Last Thursday, we hosted a ScienceLive chat on "Science at the Olympics" in which we asked researchers for their views on the new scientific innovations set to enter the Olympic stage this week in London. We intended to discuss prosthetics and performance-enhancing drugs, but unfortunately our blood-doping expert, Don Catlin, was unable to join us. Catlin is an expert on drug use in sports and a professor emeritus at the University of California, Los Angeles (UCLA). He founded the UCLA Olympic Analytical Laboratory, which is a national testing site for performance-enhancing drugs and is used by the NCAA, the National Football League, Major League Baseball, and the U.S. Olympic Committee.
After the chat we sent him your questions about athletes' use of agents such as erythropoietin (EPO), which produces extra red blood cells, and human growth hormone (HGH), which increases strength. He also discussed epitestosterone, a hormone that is almost identical to testosterone but does not improve athletic ability. It is used to mask high levels of testosterone. Readers also asked about the implications of biological passports that record individual athletes' doping test results and the high-profile Bay Area Laboratory Cooperative (BALCO) scandal, which outed several prominent professional athletes for using performance-enhancing drugs. Below are his responses.
Q: What new doping methods are you most concerned about?
D.C.: My main concern involves attempts to thwart the current tests by using mini-doses of EPO and EPO-like drugs and HGH. There are people who search for ways to use doping agents and not get caught. They are performing clandestine clinical research but they do not have ethics committee approval, and of course they do not file reports on their studies. Nevertheless the "subjects" provide details to each other that describe their doses, the dates of the tests, and the test outcomes. In one sense their model is powerful because it relies on human testing doses and results. However, it lacks controls and lots of features of legitimate pharmacology protocols. We do not know how many people are involved, but there is some evidence that mini-doses of EPO may be avoiding positive test results. Eventually a low dose will not provide efficacy for the participants.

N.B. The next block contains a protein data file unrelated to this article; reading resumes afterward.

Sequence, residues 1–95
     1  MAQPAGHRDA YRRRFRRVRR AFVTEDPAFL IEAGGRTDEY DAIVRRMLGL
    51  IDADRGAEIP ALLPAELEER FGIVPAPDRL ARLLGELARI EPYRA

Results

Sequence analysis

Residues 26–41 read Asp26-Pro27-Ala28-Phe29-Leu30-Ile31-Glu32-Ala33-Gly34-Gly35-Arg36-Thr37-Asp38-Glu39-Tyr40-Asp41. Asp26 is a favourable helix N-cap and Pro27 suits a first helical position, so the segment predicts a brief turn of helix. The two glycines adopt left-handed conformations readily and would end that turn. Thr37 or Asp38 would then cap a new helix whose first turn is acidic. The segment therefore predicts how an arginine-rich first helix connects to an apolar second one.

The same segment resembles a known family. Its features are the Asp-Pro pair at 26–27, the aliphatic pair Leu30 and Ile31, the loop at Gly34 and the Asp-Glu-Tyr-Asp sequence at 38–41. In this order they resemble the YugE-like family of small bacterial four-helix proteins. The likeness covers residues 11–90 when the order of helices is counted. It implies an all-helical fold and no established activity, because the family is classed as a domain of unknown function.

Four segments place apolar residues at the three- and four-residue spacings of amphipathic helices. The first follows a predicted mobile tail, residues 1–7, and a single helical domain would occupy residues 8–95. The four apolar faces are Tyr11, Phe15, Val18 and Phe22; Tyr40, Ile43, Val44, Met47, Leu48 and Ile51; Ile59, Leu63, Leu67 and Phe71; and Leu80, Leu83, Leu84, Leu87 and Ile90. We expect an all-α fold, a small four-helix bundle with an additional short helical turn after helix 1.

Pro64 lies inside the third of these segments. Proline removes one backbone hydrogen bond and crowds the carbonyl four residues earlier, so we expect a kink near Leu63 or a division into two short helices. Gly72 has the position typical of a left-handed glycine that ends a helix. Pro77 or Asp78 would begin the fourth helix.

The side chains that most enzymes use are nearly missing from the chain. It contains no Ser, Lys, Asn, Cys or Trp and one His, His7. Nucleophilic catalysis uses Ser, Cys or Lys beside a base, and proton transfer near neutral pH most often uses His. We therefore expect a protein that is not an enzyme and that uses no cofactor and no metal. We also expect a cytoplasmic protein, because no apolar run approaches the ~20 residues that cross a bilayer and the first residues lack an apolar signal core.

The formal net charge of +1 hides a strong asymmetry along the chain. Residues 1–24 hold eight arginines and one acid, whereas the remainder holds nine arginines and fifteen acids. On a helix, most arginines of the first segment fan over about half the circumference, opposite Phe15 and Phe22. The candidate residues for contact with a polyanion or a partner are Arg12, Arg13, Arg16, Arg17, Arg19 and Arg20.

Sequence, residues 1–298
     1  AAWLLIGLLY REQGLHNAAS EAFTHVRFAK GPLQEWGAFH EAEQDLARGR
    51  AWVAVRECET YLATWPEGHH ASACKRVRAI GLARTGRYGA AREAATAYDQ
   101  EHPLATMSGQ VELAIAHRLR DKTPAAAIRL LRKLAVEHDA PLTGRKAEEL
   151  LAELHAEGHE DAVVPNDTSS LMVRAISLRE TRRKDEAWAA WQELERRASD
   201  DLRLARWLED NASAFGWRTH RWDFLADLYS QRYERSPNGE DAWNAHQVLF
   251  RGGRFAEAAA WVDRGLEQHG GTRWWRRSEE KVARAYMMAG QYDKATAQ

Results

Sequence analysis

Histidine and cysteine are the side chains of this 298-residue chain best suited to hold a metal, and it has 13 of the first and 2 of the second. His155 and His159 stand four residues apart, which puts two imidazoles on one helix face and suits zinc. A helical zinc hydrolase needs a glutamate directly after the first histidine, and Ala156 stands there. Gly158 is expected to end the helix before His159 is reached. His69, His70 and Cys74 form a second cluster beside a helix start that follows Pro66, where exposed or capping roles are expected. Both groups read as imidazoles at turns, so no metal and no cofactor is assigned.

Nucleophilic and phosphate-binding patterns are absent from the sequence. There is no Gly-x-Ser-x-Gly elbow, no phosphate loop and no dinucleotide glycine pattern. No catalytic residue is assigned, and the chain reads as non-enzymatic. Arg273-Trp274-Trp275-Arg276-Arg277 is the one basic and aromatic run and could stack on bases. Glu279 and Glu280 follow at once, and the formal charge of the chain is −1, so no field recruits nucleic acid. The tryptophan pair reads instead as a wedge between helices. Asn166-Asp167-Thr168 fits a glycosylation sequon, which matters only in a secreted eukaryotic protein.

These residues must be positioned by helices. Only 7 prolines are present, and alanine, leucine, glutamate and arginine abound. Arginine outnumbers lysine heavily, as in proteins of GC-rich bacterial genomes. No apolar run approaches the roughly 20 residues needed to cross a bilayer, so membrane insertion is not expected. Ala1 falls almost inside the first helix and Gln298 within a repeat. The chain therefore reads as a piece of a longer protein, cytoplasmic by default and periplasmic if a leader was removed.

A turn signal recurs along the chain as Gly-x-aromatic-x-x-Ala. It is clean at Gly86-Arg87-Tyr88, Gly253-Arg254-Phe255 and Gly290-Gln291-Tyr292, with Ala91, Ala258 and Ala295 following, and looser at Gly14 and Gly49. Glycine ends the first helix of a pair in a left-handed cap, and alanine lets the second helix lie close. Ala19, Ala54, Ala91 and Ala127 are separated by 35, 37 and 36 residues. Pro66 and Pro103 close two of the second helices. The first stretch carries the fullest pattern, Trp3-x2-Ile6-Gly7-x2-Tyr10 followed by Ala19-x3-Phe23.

Q: Do you feel the biological passport system will hold up as a way of catching doping athletes?
D.C.: The theory behind the passport program is very sound, and all physicians can relate to it because they use it every day in their work. In practice the passports are very difficult to prove drug use. They cannot rely on legitimate clinical studies. They do rely on huge databases, but outliers can be complicated. The response range of the human body on the relevant variables is huge. By this time I would have expected more cases to have been publicized. The people making the decisions must be very careful—which is no doubt why there are not so many cases. The data are not available for review. I have data from my own studies but not from studies being conducted by the University of California, Irvine. I expect that in time, passports will result in more defensible cases of doping. It is one more tool in the armamentarium of the antidopers.
Q: Did the BALCO files provide any new information regarding the use of steroids and HGH?
D.C.: It did not provide any new information to me. I had been expecting this type of doping for several years; however, when I spoke at conferences about the possibility it was difficult to generate interest in a theoretical possibility. The BALCO affair was exceedingly important because it proved, without doubt, that designer drugs, epitestosterone to normalize the testosterone-epitestosterone ratio, etc., was in fact going on. What bothered me then and now is that Victor Conte, the president of BALCO, was able to use a legitimate commercial laboratory to work out the pharmacokinetics of testosterone and epitestosterone. The lab should have alerted the authorities that one of their clients was involved in aiding doping efforts.
I doubt that Patrick Arnold [the chemist who created the designer steroid tetrahydrogestrinone] knew that derivatized THG would break down in the injection port of the gas chromatography-mass spectrometer (GC-MS) instrument. That was probably beyond his chemical knowledge but it did prolong our studies of THG. Eventually, it required a major change in the way we screen for anabolic steroids. Now we use liquid chromatography-mass spectrometers because it does not require derivatization.
Q: Do you agree that certain compounds/drugs/chemicals/vitamins should be deemed illegal for competition? Why?
D.C.: Yes. I do believe that we should continue to use urine testing to enforce doping. I have thought about other ways to do that, but none will work. If we give up testing and allow all drugs, we will virtually compel athletes to dope because the drugs do enhance performance. If there is no testing all athletes will be equal again but all will be on drugs. Some will push the envelope and take high doses so there will be lots of adverse effects. We have to recognize that there are difficulties with urine testing. It is not the "perfect" solution, but on balance it is useful and better than the no-testing alternative. I believe that the authorities should do as much as they can to enforce doping control. There are probably alternative programs such as a volunteer doping control program. I also believe that the WADA [World Anti-Doping Agency] list could be reduced a bit.